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Hoffmaster State Park: Homestead Trail
The best place to learn and study about Michigan's amazing sand dunes is at P. J. Hoffmaster State Park, where you can combine a visit to the Gillette Visitor Center, Michigan’s Sand Dune Interpretive Center, with a hike through the various life zones of a dune along the Homestead Trail.
The Gillette Visitor Center was built in 1976 as a bicentennial project to serve as an interpretive center to the state’s most noted natural treasure. The two-story center is literally overshadowed by a huge, windblown dune that can be viewed from a glass wall on the west side of the lobby.
Beginning from the visitor center parking lot is this 2.7-mile loop known as the Homestead Trail.
The Homestead Trail circuit may look rugged, but the climbs are moderate and the route can be handled by children as young as 5 or 6 if you schedule in an extended swim or lunch break on the Lake Michigan beach.
Most of the trail passes through a designated Natural Area and includes possible side trips to a Quiet Area, the park’s most remote corner. You also climb up a long stairway to magnificent views from the Dune Overlook Platform.
Summer is an ideal time for this hike, when you can stop for a swim in the Great Lake, but it’s also the park’s busiest season. Many like to come here in spring or fall when the crowds are gone and there’s nothing on the beaches but sand, driftwood, and a bootprint or two.
Homestead Loop is best followed in a clockwise direction by heading south from the trailhead off the parking area and ending at the trailhead behind the interpretive center. Those who hike it in the other direction often miss where the trail leaves the beach.
The trail begins by climbing a wooded dune and then reaching a bench and the marked junction to the Quiet Area. This special area, reached by following the one-way, quarter mile spur to its end, is a deep ravine surrounded by steep wooded dunes that form a quiet escape for hikers.
The main trail continues south to descend through the woods. Orange bootprints lead you along the Homestead Trail as it crosses a large, grassy meadow and then reenters the woods. At Mile 1 (mileage includes visiting the Quiet Area) you reach a well-posted, four-way junction where the hiking trail merges with a ski run.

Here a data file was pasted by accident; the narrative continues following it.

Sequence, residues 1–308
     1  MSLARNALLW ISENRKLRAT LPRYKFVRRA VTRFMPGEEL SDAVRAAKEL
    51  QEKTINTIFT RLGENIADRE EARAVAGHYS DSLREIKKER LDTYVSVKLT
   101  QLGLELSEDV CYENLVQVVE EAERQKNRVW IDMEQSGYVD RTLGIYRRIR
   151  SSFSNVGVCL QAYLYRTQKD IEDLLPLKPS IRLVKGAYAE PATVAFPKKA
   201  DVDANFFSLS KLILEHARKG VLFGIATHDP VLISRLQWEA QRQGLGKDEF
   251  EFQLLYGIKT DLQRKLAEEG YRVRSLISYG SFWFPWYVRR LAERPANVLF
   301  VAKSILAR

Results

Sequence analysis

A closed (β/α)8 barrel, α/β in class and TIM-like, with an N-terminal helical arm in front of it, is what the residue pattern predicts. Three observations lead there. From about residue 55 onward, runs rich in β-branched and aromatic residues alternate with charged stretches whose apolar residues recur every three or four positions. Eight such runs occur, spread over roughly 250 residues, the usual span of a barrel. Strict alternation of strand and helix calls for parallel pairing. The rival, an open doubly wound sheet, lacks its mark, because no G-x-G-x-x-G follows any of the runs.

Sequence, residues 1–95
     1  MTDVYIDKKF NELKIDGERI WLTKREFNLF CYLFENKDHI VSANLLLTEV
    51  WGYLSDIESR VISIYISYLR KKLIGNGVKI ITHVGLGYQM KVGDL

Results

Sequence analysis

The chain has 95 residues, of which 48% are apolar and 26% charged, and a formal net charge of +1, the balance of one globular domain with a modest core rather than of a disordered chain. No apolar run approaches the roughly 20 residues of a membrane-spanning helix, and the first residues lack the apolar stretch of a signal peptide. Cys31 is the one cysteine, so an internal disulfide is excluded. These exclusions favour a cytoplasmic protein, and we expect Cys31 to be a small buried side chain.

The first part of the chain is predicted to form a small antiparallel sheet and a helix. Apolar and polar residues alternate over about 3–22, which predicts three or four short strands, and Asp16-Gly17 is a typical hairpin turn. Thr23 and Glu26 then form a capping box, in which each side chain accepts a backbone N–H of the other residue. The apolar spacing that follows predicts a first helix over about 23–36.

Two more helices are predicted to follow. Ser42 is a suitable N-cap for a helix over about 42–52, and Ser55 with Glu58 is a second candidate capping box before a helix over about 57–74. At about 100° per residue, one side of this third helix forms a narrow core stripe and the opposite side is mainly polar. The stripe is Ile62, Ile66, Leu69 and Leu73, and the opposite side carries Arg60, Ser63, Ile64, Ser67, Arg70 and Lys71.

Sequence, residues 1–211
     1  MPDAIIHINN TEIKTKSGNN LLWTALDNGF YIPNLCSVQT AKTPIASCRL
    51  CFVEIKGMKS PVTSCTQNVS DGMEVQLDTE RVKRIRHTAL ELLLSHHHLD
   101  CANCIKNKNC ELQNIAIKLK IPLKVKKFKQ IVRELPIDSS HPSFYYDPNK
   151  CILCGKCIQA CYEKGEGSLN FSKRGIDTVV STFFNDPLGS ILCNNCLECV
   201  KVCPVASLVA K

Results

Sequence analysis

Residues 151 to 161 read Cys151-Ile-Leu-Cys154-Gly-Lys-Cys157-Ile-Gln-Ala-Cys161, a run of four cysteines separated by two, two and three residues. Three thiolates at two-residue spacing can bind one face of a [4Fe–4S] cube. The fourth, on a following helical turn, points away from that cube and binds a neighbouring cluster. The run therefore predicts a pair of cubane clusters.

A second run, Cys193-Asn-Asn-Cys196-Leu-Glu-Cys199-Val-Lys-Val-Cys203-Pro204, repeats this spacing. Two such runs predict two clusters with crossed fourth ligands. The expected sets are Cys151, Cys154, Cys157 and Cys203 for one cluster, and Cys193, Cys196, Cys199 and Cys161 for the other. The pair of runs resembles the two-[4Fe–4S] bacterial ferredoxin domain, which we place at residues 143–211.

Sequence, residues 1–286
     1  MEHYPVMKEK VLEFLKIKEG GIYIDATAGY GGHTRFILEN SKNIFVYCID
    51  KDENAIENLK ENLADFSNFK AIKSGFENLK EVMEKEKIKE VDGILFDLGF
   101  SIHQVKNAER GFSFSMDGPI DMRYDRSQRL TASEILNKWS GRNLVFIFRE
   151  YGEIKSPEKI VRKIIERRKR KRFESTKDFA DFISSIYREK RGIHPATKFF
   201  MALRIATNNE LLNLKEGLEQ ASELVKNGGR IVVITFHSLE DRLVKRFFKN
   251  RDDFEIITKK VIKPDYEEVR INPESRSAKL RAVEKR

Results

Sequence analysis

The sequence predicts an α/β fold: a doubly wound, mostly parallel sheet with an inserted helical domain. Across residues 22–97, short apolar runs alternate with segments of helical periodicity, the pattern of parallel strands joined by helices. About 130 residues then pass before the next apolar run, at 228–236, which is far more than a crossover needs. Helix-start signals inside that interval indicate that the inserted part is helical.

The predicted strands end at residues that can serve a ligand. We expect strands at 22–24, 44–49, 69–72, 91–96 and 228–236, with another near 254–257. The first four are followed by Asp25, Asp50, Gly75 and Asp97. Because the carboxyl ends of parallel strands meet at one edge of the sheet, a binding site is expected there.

Head east (right) along the Homestead Trail and enter the park’s Natural Area along a wide path that also accommodates skiers in the winter. The trail begins with a gentle climb as it skirts the base of a dune forested in oak and maple. In less than a quarter mile of the four-way junction, you pass a spot where the dune has begun migrating across the trail.
At Mile 1.7 you break out onto the Lake Michigan beach. For the next half mile, you follow the beach north along a natural path formed between the waves rolling in from the west and the sandy bluffs that box you in on the east. At Mile 2.2 a nature center sign mounted in a small hill of sand directs you back inland, where you quickly come to a boardwalk. The planked trail leads you into foredunes, and soon you ascend to a large interpretive sign.
From the interpretive sign, you begin a quick climb up a sandy path that turns into another stretch of boardwalk. When it tops out, you’ll be in a well-shaded area, looking at a forested gully between two huge dunes. On the far side, it looks as if the sand is pouring down between the trees. Shortly, you reach the stairway that leads to the Dune Overlook Platform.
You’re only a short way from the nature center and parking area, but don’t pass up the climb to the scenic overlook. It's 193 steps to the top where a pair of observation decks, perched 190 feet above Lake Michigan at the top of a large parabolic dunes, provide a sweeping view of Lake Michigan, its sandy shoreline, and, most of all, dunes. The sight of these dunes is a fitting end to a day spent hiking through them.
For the facilities available click on the Hoffmaster State Park home page.
Gillette Visitor Center (231-798-3573; www.michigan.gov/gillettevc) is open from Memorial Day to Labor Day from 10 a.m. to 5 p.m. Monday through Saturday and noon to 5 p.m. Sunday. There are reduced hours the rest of the year. There is no fee to visit the interpretive center, but there is a vehicle fee to enter the park.
Hoffmaster State Park is located just south of Muskegon and can be reached from I-96 by departing at Fruitport (exit 4). Head south on 148th Avenue and immediately turn west (right) onto Pontaluna Road for 6 miles, until it dead-ends at the park entrance. From US 31, depart onto Pontaluna Road, halfway between Muskegon and Grand Haven, and head west for 3 miles.
For more information on campground reservations or fees, call the Hoffmaster State Park headquarters (231-798-3711).
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